CO2 monitoring education improves nurses’ confidence

Phillip Atherton.

Published June 24, 2022

PICU nurses can provide better care for post-surgical patients when they learn capnography, says UB nurse anesthesia graduate.


Phillip Atherton, DNP ’22, was published in the June 2022 issue of the Journal of Perianesthesia Nursing. His study, “An Educational Intervention to Improve Comfort with Applying and Interpreting Transcutaneous CO2 and End-tidal CO2 Monitoring in the PACU,” evaluated an educational program about ventilation with devices that measure carbon dioxide levels in patients recovering from surgery.

According to the authors – which include Carla Jungquist, PhD, ANP-BC, FAAN, associate professor, and Cheryl Spulecki, DNAP, RN, CRNA, ACNP, FAANA, clinical assistant professor – “Respiratory complications in the postanesthesia care unit (PACU) are a significant cause of morbidity and mortality” and “clinically appropriate monitoring in the PACU is critical to avoid missing or delaying a diagnosis, treatment or prevention of adverse respiratory events.”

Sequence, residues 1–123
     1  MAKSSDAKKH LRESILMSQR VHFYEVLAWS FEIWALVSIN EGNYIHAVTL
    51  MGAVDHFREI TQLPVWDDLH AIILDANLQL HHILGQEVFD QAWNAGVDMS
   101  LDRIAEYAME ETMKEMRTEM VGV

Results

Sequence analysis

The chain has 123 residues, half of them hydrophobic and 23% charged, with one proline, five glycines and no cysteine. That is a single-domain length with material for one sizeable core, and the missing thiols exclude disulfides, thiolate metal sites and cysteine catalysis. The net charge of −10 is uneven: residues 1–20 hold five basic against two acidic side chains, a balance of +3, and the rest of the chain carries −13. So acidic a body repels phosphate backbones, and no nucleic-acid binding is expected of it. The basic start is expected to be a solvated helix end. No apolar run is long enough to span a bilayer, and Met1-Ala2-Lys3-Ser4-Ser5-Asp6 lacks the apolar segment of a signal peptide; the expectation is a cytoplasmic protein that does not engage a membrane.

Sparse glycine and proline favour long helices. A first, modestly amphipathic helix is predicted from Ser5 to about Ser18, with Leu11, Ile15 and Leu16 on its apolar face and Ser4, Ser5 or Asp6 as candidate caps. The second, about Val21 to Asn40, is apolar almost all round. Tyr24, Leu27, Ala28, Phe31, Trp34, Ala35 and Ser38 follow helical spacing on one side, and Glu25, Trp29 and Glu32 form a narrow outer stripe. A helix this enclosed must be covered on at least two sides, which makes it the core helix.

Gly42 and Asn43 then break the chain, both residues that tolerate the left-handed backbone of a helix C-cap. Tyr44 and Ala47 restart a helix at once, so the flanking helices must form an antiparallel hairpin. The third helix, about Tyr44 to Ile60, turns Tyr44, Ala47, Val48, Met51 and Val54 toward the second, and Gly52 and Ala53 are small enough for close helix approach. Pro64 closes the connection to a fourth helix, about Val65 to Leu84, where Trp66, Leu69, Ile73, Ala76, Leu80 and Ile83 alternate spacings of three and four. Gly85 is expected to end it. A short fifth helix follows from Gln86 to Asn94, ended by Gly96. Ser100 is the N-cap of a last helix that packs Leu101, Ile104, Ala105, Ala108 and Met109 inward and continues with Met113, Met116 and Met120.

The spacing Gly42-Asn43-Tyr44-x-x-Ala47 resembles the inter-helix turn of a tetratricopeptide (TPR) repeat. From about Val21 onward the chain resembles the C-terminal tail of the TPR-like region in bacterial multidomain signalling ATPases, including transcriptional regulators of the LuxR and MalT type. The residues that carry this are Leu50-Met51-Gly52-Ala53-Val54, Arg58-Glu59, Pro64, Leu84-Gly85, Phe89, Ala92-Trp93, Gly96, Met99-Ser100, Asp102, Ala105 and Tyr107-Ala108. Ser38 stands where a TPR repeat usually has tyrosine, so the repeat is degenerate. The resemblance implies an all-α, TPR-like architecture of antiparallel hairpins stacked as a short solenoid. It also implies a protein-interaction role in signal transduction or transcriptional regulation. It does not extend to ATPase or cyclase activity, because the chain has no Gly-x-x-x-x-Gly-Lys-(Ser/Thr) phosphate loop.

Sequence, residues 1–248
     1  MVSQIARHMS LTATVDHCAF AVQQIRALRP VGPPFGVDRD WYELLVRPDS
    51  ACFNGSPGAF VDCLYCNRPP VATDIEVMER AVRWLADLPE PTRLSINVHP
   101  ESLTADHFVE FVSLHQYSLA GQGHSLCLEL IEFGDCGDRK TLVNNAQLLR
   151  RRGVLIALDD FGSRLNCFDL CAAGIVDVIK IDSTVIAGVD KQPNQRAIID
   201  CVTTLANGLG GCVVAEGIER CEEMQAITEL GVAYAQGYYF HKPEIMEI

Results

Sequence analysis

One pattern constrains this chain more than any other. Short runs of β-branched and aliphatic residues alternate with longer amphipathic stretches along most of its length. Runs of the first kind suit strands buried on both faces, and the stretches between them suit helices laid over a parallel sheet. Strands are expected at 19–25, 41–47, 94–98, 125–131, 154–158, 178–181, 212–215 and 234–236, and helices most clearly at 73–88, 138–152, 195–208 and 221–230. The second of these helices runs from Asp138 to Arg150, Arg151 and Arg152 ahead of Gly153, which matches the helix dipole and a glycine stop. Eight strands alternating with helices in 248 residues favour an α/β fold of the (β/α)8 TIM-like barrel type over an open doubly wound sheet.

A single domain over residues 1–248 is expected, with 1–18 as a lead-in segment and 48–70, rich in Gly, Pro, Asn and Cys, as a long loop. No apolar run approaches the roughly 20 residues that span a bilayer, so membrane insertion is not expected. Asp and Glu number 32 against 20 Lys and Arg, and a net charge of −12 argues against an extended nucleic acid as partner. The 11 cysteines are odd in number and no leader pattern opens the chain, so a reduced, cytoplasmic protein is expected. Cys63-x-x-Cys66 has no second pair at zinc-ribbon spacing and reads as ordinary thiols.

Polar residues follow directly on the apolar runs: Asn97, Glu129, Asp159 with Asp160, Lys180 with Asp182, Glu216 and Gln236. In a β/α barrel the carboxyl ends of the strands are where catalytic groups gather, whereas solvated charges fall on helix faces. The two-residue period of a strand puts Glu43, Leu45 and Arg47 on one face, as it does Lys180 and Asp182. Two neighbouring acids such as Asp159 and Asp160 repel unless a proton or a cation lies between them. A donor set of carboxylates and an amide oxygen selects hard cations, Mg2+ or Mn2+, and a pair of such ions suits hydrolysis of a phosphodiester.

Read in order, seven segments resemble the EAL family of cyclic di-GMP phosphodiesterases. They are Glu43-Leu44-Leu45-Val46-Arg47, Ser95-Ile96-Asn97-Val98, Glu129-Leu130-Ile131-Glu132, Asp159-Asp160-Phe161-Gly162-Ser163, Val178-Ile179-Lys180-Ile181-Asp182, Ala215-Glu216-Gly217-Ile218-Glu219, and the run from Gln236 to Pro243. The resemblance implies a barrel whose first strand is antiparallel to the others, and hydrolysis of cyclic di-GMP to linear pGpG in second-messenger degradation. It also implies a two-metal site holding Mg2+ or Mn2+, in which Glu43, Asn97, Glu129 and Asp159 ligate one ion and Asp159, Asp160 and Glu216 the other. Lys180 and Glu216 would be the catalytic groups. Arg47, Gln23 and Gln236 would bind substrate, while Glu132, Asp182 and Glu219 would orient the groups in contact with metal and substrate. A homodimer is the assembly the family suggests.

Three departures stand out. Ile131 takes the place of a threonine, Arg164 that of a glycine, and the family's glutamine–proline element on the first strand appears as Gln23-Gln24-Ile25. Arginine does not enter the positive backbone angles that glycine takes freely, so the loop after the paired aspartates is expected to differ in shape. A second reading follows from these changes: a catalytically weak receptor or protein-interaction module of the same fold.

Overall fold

The authors surveyed current members of the American Society of PeriAnesthesia Nurses before and after an educational presentation. The goal of the presentation is to improve confidence in using capnography (CO2 monitoring) for care of PACU patients.

Capnography, according to the authors, is a “noninvasive measurement of the partial pressure of carbon dioxide (PaCO2) throughout the respiratory cycle” and is used in surgical, emergency and critical care settings. It provides valuable information about a patient’s ventilation, perfusion and metabolism.

The post-survey revealed that registered nurses had a significant increase in confidence in applying and interpreting capnography after the educational presentation. The authors conclude that capnography should be a standard part of PACU patient care, and that the education of PACU nurses is important before implementing CO2 monitoring.

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